… the HR Minion. Because even minions have opinions. And giggles.

What message are you sending?

A few weeks ago I wasn’t feeling well and left work early to visit a nearby Urgent care clinic. I hadn’t been to this clinic before but I was concerned and felt it would be good to get checked out immediately, as my regular Dr. was unable to fit me in. I went through the normal spiel with the nurse, explained what was wrong, and waited on the Doctor. He came in assured me that I had nothing to be concerned about, told me about a couple of things I could try if I felt it was necessary, and told me to come back if things got worse.

After our exchange I left the clinic, went out to my car, and just sat there for a while upset. I was just told I had nothing to worry about so I should have been happy. But they way I was told made me feel worse than when I arrived.

The problem wasn’t in what the Dr. said, it was entirely in how he said it. From the moment he stepped into the exam room I could tell that he didn’t want to be there. His tone, his mannerisms, the way he made suggestions of what I could do; It all conveyed that I was wasting his time, regardless of what he was actually saying. It made me feel like he thought I was being irrational and concerned over nothing.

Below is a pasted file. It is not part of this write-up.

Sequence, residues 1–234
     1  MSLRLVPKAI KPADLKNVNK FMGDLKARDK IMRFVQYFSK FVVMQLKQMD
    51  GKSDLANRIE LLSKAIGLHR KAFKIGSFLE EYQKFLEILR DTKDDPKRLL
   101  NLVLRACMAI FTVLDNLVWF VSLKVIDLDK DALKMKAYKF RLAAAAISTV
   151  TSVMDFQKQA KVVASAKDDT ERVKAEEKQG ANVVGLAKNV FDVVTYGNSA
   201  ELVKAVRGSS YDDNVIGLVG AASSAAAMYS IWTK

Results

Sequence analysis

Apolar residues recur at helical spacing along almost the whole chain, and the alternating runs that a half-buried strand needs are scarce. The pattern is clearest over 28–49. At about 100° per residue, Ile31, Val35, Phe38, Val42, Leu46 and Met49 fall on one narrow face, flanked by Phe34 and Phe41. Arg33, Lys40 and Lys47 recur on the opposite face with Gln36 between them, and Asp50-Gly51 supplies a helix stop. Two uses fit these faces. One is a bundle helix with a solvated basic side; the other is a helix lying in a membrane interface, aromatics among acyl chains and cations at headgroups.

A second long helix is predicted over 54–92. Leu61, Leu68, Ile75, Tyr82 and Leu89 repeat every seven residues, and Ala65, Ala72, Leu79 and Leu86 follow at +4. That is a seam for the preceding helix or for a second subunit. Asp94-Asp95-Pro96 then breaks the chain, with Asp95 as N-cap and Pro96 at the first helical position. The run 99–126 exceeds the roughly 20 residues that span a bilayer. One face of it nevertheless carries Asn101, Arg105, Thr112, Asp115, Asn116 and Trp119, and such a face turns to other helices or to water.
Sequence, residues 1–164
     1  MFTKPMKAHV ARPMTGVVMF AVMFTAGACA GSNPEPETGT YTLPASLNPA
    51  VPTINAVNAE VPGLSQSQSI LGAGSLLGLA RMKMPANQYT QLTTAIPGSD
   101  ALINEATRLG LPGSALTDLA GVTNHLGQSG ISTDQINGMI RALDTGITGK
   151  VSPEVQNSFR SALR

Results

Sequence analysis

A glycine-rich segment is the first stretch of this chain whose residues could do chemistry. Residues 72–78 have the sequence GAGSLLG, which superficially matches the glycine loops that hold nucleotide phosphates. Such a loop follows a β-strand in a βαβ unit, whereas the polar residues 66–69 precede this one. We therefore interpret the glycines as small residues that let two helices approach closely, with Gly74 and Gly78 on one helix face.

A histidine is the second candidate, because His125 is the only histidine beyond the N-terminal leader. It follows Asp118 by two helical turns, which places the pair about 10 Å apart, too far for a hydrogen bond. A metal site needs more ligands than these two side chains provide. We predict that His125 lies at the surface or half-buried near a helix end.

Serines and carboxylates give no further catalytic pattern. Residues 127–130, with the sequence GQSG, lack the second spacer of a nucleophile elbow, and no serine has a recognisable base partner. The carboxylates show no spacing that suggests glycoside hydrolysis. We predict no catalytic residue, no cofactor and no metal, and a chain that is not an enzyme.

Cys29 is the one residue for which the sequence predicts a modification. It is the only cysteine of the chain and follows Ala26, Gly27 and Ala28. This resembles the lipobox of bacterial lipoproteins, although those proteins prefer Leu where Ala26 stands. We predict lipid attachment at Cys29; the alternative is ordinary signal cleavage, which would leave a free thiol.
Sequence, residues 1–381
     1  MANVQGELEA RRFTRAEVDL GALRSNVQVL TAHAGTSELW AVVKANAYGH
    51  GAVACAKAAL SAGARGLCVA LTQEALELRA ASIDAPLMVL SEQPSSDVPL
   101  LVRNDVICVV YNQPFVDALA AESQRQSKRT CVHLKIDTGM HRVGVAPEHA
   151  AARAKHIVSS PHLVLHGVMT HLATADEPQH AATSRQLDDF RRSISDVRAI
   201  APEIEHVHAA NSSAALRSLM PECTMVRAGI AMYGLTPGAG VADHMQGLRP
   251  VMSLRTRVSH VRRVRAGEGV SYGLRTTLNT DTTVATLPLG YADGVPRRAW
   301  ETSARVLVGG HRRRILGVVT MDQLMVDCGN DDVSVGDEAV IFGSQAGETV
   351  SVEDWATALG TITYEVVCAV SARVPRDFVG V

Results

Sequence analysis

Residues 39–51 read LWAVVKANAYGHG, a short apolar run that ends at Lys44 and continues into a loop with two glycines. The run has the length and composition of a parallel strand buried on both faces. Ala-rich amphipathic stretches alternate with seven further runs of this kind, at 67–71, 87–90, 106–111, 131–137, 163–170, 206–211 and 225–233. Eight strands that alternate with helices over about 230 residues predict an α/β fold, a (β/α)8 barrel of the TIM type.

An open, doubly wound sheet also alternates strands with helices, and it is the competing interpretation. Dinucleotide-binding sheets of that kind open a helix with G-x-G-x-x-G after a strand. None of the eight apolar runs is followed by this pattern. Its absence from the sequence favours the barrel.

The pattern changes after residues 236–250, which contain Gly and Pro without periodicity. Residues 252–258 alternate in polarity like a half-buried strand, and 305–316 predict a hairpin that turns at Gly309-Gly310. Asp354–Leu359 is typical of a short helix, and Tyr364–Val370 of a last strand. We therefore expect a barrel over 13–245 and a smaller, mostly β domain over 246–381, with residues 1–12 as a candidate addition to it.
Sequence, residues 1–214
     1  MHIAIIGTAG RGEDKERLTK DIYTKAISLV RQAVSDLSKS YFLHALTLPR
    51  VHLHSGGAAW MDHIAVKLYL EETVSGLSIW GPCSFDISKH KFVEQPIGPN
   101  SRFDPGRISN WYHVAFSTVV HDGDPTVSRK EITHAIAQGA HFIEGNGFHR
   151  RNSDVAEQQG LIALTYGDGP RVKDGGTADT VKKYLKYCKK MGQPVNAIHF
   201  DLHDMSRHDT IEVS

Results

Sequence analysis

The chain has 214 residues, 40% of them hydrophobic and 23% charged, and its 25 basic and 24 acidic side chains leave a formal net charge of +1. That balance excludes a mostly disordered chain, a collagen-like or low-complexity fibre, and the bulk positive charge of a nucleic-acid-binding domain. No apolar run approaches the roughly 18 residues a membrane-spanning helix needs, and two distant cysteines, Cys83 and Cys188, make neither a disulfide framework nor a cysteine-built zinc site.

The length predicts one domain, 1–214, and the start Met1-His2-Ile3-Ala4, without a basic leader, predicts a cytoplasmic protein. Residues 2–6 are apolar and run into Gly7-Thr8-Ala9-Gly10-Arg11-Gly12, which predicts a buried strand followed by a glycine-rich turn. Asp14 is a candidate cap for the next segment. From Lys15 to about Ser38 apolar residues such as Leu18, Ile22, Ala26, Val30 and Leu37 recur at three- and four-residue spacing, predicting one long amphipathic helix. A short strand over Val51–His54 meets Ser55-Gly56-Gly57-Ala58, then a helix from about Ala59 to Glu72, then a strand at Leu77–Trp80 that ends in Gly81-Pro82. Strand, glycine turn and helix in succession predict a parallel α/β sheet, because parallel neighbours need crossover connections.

It hurt. I was embarrassed. I came looking for advice from an expert because I was worried and confused. Then because of his reaction, I started questioning myself, wondering if I truly was being irrational.

After I had calmed down I got thoughtful. How often in HR do we get questions from employees that we feel are silly, obvious, or even a waste of our time? Do we wonder why people are bothering us with something so unimportant? And do we, consciously or not, broadcast that annoyance to them?

It makes me ashamed to say, but I know that there are probably employees who have come to me, an expert in their eyes, with an HR question only to leave upset because I didn’t take them seriously. We all have our bad days and weak moments where we are not at our best, no matter how kind and thoughtful we usually try to be. But it just takes that one moment. I know I will never go back to that clinic, so why would those employees feel comfortable coming back to see me? Ugh.

Now, if you are reading this post and think that it’s hitting a little close to home, you are not alone. It’s hard admitting to yourself you made a mistake. But admitting fault is the first step to forgiveness and moving forward as a better person. And sometimes that is the best you can do.

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